21-year-old university student and former Afghan refugee, Gulwali Passarlay,speaks to Duke undergrads. photo by Catherine Angst

by JULIE POUCHER HARBIN, EDITOR, ISLAMiCommentary on FEBRUARY 29, 2016: 

51ffhcH8cRL._SX332_BO1,204,203,200_“Before I died, I contemplated how drowning would feel. It was clear to me now; this was how I would go: away from my mother’s warmth, my father’s strength, and my family’s love. The white waves were going to devour me, swallow me whole in their terrifying jaws, and cast my young body aside to drift down into the cold black depths,” Gulwali Passarlay wrote in the prologue to “The Lightless Sky: A Twelve-Year-Old Refugee’s Harrowing Escape from Afghanistan and His Extraordinary Journey Across Half the World.” (HarperOne, 2016)

At the age of 12 Gulwali was sent away from his rural Afghanistan home by his mother who paid a smuggling agent at $8,000, in installments, to get him safely to Italy. “However bad it gets,” the mother told her son. “Don’t come back.” Ten months into his journey, he nearly drowned (described above) in an overcrowded boat on his way to Greece. He’s now a man in his third year at the University of Manchester in the UK — alive to tell the tale of his year-long 12,500-mile perilous journey, which he likened to “a game of Chutes and Ladders” through Pakistan; Iran (twice); Turkey (twice); Bulgaria; Greece; Italy; France (twice); Belgium, Germany, and finally the UK.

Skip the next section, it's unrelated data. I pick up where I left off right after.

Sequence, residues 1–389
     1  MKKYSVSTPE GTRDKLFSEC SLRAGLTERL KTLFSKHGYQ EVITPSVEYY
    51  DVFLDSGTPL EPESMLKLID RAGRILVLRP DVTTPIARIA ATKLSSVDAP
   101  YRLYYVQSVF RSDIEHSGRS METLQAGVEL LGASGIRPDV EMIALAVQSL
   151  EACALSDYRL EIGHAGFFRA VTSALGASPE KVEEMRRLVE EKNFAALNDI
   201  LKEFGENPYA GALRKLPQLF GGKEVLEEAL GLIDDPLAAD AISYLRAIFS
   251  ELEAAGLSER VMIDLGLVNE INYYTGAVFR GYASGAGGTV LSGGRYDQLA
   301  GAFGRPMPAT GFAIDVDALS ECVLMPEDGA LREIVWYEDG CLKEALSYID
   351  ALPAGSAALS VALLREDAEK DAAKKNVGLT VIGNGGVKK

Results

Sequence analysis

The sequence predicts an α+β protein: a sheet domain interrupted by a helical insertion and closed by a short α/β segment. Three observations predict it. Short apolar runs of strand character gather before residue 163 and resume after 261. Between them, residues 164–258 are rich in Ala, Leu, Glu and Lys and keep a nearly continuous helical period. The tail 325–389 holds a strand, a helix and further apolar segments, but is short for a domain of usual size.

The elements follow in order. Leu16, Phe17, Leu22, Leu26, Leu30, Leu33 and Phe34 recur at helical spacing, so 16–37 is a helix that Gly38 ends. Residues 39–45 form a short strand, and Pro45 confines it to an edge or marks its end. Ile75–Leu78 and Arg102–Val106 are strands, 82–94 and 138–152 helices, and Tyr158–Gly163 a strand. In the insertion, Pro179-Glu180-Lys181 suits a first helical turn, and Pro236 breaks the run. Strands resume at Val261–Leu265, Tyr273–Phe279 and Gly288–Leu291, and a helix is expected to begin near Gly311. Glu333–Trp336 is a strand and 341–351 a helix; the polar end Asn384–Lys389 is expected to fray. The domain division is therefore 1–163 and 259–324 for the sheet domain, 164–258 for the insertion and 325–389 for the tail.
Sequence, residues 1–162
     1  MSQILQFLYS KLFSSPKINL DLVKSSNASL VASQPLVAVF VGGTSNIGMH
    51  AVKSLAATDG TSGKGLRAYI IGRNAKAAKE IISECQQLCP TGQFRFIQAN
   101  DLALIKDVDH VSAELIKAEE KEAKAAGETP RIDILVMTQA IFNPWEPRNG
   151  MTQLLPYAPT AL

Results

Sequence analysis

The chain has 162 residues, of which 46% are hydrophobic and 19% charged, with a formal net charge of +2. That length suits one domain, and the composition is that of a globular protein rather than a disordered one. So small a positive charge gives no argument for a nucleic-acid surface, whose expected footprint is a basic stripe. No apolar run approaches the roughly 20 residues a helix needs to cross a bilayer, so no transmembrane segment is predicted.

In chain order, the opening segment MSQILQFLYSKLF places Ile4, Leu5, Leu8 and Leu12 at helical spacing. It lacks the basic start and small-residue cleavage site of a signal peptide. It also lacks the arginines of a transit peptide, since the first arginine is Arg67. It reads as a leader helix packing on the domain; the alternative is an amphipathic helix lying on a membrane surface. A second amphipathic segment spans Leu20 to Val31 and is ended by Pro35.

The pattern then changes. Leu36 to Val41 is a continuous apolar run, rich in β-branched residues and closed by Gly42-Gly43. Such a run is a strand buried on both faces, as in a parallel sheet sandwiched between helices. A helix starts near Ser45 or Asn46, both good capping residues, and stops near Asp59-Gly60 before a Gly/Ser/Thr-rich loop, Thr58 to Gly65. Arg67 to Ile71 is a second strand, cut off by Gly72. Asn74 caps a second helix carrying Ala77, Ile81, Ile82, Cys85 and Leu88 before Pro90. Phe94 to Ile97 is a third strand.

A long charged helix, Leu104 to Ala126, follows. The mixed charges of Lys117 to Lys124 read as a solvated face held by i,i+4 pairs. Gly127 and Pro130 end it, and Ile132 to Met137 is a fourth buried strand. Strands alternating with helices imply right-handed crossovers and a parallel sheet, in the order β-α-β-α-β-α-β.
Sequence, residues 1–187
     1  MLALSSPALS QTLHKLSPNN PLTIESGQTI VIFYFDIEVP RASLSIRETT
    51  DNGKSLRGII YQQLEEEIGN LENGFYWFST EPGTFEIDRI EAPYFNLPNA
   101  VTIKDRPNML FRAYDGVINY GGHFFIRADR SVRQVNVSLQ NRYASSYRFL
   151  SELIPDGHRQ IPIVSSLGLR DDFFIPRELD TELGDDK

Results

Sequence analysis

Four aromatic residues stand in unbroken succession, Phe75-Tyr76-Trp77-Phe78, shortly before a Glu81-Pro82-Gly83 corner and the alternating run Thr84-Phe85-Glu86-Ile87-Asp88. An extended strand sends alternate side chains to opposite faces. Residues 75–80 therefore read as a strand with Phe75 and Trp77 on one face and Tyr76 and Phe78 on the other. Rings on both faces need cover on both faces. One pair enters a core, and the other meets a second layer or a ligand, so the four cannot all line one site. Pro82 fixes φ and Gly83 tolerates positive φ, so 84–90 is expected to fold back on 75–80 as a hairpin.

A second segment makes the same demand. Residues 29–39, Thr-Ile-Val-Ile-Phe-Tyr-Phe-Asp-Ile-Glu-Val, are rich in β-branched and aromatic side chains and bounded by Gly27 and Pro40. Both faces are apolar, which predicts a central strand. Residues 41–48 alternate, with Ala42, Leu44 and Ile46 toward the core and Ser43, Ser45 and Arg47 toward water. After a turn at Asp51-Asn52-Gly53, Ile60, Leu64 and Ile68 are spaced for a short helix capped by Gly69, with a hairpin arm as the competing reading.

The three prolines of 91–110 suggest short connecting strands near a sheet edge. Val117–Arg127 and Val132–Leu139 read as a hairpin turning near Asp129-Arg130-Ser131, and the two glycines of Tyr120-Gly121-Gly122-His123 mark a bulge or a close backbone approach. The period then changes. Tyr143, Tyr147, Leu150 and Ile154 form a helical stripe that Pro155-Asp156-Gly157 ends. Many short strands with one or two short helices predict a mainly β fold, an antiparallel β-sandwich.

While the trip took place back in 2006-2007, his book, written with Nadene Ghouri, is an instructive lens through which to view the current refugee crisis and the complicated human smuggling and trafficking networks that have refugees and migrants using air, rail, cars, trucks, boats, and their own tired feet, across rivers and seas and over mountains — to get them to a better life.

Last month Gulwali spoke via Skype for nearly an hour with more than a dozen Duke University undergraduate students enrolled in the Refugee Lives: Violence, Culture and Identity class, co-taught by professors miriam cooke, Maha Houssami, and Nancy Kalow.